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Corn+Soybean Digest

When Less Is More

As far as his cotton irrigation application rate is concerned, “less is more” for Johnny Lindley.

He's saving water without sacrificing yields. And he's not afraid to swap out center pivot drop nozzles to improve efficiency on one field or apply fertilizer on another.

Lindley farms cotton and wheat on the Red River bottom near Memphis, TX. His cotton operation features five center pivots, including one new half-mile rig that will help him convert more dryland acres.

With 60" drop tube spacings on his 30"-row cotton, he runs ultra-efficient LEPA (low energy precision application) hoses on some fields. Other pivots are equipped with low-pressure spray nozzles, which can be used for both irrigation and chemigation.

“We have always had good irrigation water (sources), but some wells are starting to weaken,” says Lindley. “So we make sure we use watering systems that are as beneficial as possible for our land.”

Many argue that LEPA is the way to go on flat land or if water is limited. There is virtually a 98% efficiency rating. Runoff is nil, especially if growers use furrow dikes. Lindley does when he uses the LEPA hoses, which drag on the surfaces between rows.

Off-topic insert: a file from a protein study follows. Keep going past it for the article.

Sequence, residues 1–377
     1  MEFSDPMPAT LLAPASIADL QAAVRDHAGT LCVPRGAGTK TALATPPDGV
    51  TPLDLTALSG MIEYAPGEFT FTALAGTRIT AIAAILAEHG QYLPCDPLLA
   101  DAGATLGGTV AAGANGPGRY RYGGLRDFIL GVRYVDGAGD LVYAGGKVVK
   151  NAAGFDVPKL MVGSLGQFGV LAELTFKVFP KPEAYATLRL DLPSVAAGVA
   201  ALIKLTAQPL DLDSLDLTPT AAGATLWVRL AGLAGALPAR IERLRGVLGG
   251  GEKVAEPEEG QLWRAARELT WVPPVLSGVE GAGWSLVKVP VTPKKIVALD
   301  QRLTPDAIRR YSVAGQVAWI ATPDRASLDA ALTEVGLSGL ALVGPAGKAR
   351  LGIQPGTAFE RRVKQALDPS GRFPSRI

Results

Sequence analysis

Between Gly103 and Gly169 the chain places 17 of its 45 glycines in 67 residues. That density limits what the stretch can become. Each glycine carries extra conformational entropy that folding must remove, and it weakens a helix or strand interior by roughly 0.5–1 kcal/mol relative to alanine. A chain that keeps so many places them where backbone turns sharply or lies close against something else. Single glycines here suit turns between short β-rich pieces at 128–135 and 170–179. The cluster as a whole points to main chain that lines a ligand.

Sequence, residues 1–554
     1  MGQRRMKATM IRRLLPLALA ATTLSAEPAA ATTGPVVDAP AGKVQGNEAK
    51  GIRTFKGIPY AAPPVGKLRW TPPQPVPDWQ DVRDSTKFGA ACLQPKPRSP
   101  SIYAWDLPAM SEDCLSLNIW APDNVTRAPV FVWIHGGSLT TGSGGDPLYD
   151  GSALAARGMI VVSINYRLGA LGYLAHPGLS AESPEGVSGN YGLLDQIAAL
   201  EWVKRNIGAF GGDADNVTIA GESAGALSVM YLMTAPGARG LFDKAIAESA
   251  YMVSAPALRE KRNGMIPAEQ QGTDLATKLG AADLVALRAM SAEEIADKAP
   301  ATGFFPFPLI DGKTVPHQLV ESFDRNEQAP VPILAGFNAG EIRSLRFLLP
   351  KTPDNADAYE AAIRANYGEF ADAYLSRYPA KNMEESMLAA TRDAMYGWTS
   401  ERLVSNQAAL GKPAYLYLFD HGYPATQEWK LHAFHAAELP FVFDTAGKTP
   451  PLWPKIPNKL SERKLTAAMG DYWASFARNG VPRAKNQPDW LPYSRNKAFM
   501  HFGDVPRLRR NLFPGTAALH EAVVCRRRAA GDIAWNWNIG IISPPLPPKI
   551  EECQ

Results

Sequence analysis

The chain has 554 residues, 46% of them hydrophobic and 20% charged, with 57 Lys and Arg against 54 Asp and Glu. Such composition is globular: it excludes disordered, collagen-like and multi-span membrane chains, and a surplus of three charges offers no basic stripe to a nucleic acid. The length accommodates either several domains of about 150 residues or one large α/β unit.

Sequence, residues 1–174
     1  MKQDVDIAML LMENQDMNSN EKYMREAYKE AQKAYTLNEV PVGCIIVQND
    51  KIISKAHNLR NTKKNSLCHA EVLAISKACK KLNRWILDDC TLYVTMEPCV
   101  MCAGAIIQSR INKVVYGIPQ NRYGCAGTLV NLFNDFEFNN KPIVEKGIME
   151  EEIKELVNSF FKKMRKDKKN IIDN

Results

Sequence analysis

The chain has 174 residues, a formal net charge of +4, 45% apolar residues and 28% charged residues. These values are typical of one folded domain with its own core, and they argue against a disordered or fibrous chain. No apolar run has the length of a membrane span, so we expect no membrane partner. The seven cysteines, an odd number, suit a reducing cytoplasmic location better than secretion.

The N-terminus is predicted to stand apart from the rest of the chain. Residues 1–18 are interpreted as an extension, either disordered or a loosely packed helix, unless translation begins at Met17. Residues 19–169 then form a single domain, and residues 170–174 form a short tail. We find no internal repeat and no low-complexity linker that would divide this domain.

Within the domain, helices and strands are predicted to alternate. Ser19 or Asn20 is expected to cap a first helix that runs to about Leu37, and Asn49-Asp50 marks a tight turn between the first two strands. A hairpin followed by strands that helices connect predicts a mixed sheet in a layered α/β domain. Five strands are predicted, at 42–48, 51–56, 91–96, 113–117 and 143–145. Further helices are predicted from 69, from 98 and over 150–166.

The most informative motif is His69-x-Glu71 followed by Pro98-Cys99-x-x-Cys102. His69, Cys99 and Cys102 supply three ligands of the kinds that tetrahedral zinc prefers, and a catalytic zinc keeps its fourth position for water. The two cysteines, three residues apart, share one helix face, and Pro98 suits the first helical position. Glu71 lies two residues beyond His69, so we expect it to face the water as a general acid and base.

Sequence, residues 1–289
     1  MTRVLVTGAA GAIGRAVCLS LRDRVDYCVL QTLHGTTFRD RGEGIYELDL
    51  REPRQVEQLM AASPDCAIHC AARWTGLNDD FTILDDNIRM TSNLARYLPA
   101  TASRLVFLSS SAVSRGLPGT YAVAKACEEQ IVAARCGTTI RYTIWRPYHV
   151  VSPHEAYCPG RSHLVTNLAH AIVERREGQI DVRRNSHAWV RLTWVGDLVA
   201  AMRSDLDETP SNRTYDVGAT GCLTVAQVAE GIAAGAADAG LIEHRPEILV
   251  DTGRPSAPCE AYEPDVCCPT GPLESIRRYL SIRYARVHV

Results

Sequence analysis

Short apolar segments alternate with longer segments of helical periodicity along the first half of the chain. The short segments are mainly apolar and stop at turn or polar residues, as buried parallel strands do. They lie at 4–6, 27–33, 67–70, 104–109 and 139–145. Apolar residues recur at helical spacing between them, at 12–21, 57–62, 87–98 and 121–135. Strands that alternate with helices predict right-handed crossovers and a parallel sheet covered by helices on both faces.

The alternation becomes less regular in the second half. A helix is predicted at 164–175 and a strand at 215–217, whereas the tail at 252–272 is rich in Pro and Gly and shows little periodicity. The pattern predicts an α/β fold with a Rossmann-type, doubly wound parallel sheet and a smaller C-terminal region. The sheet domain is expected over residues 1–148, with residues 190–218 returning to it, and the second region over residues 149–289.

The 1" hoses are used on Lindley's flat land. But on fields that lie on more rolling hills, the low-pressure spray nozzles work more efficiently because there is less chance for runoff.

To reduce runoff, he also cuts back on application rates. “Some have recommended that you set your pivots to put down 1.2" of water per week,” he says. “But I found that there were often puddles on the surface at that rate. So I slightly increased the speed of the pivot, which decreased the application rate to 0.8 to 0.9.”

The results are yields in the 2½-bale range, similar to what he yielded at the 1.2" application rate.

Lindley hopes to begin applying his yellow herbicide through chemigation with the convertible spray nozzles. “Right now, we apply about 75% of our nitrogen through the pivot,” he says. “We will add proper mixing tanks to enable us to apply our herbicide.”

Like Lindley, other growers must account for field slope when choosing their irrigation systems. Whether you grow corn, cotton, soybeans, or all three, water efficiency holds input costs down.

Kansas State University Ag Engineer Danny Rogers says if the slope exceeds 1%, consider the application's spray. Runoff losses can top 30% with the LEPA bubble nozzle, even if furrow dikes are used.

“In fully irrigated corn, we saw a 50-bu yield advantage for the flat spray over the LEPA bubble mode,” says Rogers. “I have no problem recommending LEPA to growers who have fields under that 1% slope and have low irrigation capacity. But over that could cost them water and yields.”

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